Leaders from Germany, Spain and France reacted angrily after the Organisation of Petroleum Exporting Countries (OPEC) called on Nigeria and its other members to oppose any fossil fuels deal at COP28 — the United Nations Climate Change Conference taking place in Dubai.
Haitham Al Ghais, OPEC’s Secretary General sent a letter to the group’s 13 members and 10 Russian-led allies earlier this week after negotiators at COP28 released a draft pledge that included calls for a phase-out of fossil fuels.
In the letter, Ghais urged the group to “proactively reject any text or formula that targets energy i.e. fossil fuels rather than emissions.”
Baerbock: ‘Power politics’ thwarting progress
Jennifer Morgan, Germany’s climate envoy, suggested any call for blocking a fossil fuels deal would hurt smaller countries, vulnerable to sea level rises caused by global warming.
“Right now, countries here are fighting for their lives. The small islands, and most countries here, are engaging very actively on this discussion in a real way,” she said. “And I think it is not responsible to have a position that could mean the life and death of many million people.”
“When I listen to the small islands who are in my ear and in my heart, and then I hear about this OPEC letter, I’m deeply concerned about it,” she added. “We’re seeing very worrying tactics by the Arab groups here.”
Annalena Baerbock, German foreign minister said that countries that rely heavily on oil and gas remain resistant to major efforts to combat climate change.
Baerbock said the struggle is about seeking a “way out of the fossil fuel world,” in remarks on Saturday in Dubai.
“This is anything but easy,” Germany’s top diplomat said, as there are still nations that favor geopolitical importance and “power politics” over the use of fossil fuels.
Baerbock said that her focus would be on those countries that have gained wealth from fossil fuels.
‘Stunned,’ ‘angry’ and ‘disgusted’
OPEC’s opposition to any fossil fuel phase-out deal drew a furious response on Saturday from French Energy Minister Agnes Pannier-Runacher and Spanish Ecological Transition Minister Teresa Ribera.
“I am stunned by these statements from OPEC. And I am angry,” Pannier-Runacher said from the climate conference, adding that “OPEC’s position endangers the most vulnerable countries and the poorest populations who are the first victims of this situation.”
Pannier-Runacher said she was “counting on the presidency of the COP not to be influenced by these declarations, and to reach an agreement which affirms a clear objective of phasing out fossil fuels.”
Meanwhile, Spain’s Ribera told reporters: “I think that it is quite, quite a disgusting thing that OPEC countries are pushing against getting the bar where it has to be.”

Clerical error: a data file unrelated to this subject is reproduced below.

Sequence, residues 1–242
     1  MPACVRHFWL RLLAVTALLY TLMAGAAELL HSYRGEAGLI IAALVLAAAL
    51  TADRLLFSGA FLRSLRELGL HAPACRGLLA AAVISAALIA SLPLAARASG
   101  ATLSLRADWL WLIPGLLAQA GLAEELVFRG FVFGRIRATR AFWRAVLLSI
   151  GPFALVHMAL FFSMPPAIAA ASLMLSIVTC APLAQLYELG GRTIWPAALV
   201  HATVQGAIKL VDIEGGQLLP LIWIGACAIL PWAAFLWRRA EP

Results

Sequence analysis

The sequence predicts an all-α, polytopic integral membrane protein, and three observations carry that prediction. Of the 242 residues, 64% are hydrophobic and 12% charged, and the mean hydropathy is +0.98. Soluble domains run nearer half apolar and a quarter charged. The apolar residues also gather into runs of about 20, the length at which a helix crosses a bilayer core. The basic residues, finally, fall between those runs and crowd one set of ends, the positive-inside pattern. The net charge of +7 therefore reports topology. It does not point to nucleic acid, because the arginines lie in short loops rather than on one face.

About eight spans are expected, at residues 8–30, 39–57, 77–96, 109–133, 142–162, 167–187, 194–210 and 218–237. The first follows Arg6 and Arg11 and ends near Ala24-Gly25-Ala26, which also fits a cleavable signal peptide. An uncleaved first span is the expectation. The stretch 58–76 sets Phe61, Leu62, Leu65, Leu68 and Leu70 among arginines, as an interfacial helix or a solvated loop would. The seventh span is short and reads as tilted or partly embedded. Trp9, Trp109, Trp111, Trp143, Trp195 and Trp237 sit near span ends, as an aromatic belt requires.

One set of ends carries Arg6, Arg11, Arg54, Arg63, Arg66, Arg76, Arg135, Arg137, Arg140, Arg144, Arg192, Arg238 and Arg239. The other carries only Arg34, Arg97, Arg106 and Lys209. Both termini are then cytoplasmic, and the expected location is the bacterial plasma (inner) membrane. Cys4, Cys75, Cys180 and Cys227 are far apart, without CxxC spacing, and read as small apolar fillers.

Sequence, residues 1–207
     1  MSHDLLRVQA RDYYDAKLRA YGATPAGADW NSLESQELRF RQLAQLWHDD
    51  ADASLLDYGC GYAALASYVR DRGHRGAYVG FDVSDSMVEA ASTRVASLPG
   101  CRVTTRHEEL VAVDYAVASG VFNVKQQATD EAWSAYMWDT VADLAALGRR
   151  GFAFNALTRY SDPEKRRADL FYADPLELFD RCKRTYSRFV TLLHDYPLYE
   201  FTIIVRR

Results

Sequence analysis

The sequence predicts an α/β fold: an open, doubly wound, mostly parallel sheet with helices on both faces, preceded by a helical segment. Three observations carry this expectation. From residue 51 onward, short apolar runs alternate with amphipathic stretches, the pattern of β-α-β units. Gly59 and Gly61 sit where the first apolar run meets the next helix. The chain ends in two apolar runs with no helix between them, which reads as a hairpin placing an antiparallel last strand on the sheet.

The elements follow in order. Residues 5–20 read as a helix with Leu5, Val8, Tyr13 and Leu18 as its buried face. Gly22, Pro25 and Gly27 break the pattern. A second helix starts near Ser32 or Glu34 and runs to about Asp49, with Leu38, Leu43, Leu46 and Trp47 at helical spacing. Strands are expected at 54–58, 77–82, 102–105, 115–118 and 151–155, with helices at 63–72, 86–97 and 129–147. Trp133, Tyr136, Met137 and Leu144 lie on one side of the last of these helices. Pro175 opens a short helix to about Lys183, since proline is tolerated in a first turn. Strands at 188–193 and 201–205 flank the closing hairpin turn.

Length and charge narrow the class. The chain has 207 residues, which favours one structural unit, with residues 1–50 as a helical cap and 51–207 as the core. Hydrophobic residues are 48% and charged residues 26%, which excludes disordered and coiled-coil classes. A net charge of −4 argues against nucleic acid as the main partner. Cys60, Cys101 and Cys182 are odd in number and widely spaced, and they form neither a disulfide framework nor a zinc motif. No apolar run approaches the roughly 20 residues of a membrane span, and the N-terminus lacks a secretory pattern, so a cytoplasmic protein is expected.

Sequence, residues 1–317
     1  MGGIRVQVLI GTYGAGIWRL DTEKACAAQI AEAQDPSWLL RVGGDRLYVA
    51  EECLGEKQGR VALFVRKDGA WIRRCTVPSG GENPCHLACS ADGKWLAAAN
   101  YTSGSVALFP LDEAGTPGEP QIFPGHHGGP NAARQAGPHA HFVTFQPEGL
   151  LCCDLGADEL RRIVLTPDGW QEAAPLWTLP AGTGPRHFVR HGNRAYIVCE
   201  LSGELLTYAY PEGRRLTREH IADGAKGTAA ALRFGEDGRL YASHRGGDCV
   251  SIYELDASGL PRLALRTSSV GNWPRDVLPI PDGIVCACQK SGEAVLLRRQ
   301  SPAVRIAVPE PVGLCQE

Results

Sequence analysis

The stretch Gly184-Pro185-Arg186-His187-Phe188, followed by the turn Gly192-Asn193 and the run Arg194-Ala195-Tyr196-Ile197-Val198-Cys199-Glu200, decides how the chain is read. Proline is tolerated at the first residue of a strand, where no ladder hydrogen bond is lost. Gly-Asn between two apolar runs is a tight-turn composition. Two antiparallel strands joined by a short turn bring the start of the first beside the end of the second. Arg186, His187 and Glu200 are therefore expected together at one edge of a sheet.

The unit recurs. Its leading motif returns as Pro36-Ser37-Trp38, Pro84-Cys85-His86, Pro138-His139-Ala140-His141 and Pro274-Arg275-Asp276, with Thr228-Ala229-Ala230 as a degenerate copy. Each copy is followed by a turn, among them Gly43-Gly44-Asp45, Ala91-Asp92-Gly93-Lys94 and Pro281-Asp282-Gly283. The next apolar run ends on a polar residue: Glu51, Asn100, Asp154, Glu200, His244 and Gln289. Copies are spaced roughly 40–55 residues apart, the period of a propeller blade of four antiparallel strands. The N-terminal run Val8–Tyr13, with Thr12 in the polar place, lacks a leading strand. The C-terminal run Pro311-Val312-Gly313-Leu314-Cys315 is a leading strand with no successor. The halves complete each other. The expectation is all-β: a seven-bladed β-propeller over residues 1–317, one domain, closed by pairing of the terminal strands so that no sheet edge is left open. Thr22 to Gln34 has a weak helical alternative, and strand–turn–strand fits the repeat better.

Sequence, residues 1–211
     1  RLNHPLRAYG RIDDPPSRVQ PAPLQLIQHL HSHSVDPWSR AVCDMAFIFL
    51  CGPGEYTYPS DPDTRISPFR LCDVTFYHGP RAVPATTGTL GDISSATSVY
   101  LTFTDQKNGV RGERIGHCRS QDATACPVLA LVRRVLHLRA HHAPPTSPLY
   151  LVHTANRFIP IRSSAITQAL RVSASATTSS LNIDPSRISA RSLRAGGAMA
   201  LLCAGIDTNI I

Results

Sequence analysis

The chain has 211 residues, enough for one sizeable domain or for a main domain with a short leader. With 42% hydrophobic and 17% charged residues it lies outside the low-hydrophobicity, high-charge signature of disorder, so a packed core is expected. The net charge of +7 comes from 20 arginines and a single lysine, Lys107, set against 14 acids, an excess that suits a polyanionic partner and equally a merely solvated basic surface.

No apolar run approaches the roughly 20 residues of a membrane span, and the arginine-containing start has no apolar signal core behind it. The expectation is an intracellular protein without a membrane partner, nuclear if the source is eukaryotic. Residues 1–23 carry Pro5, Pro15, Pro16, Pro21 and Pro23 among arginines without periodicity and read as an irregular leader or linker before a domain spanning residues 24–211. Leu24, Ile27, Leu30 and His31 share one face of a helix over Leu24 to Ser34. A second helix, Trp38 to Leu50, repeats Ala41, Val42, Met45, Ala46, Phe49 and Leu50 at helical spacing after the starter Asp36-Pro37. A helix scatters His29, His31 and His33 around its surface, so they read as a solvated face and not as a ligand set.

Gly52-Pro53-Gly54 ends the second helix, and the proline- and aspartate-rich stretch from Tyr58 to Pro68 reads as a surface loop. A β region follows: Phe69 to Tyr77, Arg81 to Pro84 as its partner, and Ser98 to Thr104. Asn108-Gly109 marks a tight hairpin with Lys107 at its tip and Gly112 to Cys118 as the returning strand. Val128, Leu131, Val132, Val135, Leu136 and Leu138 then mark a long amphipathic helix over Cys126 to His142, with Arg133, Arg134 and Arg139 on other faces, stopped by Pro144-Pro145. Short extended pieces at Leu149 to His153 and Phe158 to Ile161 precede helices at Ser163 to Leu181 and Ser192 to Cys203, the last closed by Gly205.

“We need to be quite clear, bold, crystal clear that the European Union will be aligning with… a large majority of the parties in this conference to ensure that we have (a) meaningful and productive outcome connected to this phase-out of fossil fuels,” she said.
OPEC insists ‘no single solution’
OPEC hit back at the criticism, saying it was vital to agree on “realistic approaches” to tackle climate change.
“There is no single solution or path to achieve a sustainable energy future,” OPEC Secretary General Haitham Al Ghais said in a speech read by a colleague.
“We need realistic approaches to tackle emissions, ones that enable economic growth, help eradicate poverty and increase resilience at the same time,” the speech continued.
China hopeful of a deal
China, the world’s largest oil importer, played down the row and said it was working to find a solution that was “acceptable to all parties”.
“I think we’ve already had some progress on this issue and I believe we will have more progress in resolving this in the coming few days,” China’s climate negotiator Xie Zhenhua told reporters in Dubai.
“Because if we do not, if we do not resolve this issue, I don’t see much chance in having a successful COP28,” he said.
COP28 director ‘confident’
Majid al-Suwaidi, COP28 Director General downplayed the OPEC letter, saying the UAE team running the UN summit has been meeting with negotiators to get an ambitious deal.
“I feel confident that we’re going to get a good result, you’re going to be surprised,” Suwaidi told The Associated Press.
Saturday’s angry response to OPEC from France and Spain came as protests at the conference center in Dubai were set to intensify, with a “Global Day of Action” urging countries to act more decisively over climate change issues.